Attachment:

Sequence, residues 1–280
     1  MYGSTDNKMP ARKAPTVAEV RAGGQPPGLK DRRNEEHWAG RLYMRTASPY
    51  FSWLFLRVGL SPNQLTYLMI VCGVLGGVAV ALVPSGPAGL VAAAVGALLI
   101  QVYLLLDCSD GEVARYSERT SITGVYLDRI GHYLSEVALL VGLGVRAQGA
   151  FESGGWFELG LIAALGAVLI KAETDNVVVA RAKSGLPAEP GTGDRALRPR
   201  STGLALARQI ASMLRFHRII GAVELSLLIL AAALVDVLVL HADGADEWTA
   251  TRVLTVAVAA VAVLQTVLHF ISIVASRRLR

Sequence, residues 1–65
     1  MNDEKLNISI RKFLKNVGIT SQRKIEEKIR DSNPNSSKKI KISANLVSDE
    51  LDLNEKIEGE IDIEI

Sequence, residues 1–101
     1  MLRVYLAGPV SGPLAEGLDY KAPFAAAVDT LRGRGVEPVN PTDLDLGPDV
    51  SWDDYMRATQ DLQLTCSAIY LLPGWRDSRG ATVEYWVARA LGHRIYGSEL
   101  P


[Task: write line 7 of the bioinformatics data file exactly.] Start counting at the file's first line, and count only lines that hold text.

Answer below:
   251  TRVLTVAVAA VAVLQTVLHF ISIVASRRLR